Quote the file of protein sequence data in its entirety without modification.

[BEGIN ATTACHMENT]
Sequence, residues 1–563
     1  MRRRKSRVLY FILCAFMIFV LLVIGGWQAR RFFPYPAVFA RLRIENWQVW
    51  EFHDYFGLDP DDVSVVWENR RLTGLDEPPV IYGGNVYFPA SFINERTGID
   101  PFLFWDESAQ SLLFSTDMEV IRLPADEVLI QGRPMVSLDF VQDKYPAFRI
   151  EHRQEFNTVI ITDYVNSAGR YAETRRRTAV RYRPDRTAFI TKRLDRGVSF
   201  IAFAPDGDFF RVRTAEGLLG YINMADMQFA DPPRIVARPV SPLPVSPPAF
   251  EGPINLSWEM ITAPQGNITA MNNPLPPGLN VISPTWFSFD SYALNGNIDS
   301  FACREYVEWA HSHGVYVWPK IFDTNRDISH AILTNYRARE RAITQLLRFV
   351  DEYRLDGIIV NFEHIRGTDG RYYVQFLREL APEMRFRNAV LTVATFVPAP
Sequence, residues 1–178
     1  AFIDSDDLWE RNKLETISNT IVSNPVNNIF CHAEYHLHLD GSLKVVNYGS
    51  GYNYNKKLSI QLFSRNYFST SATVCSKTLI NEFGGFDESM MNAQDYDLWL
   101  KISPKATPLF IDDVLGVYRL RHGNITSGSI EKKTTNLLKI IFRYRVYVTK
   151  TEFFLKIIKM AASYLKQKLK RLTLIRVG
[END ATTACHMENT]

Sequence, residues 1–563
     1  MRRRKSRVLY FILCAFMIFV LLVIGGWQAR RFFPYPAVFA RLRIENWQVW
    51  EFHDYFGLDP DDVSVVWENR RLTGLDEPPV IYGGNVYFPA SFINERTGID
   101  PFLFWDESAQ SLLFSTDMEV IRLPADEVLI QGRPMVSLDF VQDKYPAFRI
   151  EHRQEFNTVI ITDYVNSAGR YAETRRRTAV RYRPDRTAFI TKRLDRGVSF
   201  IAFAPDGDFF RVRTAEGLLG YINMADMQFA DPPRIVARPV SPLPVSPPAF
   251  EGPINLSWEM ITAPQGNITA MNNPLPPGLN VISPTWFSFD SYALNGNIDS
   301  FACREYVEWA HSHGVYVWPK IFDTNRDISH AILTNYRARE RAITQLLRFV
   351  DEYRLDGIIV NFEHIRGTDG RYYVQFLREL APEMRFRNAV LTVATFVPAP
Sequence, residues 1–178
     1  AFIDSDDLWE RNKLETISNT IVSNPVNNIF CHAEYHLHLD GSLKVVNYGS
    51  GYNYNKKLSI QLFSRNYFST SATVCSKTLI NEFGGFDESM MNAQDYDLWL
   101  KISPKATPLF IDDVLGVYRL RHGNITSGSI EKKTTNLLKI IFRYRVYVTK
   151  TEFFLKIIKM AASYLKQKLK RLTLIRVG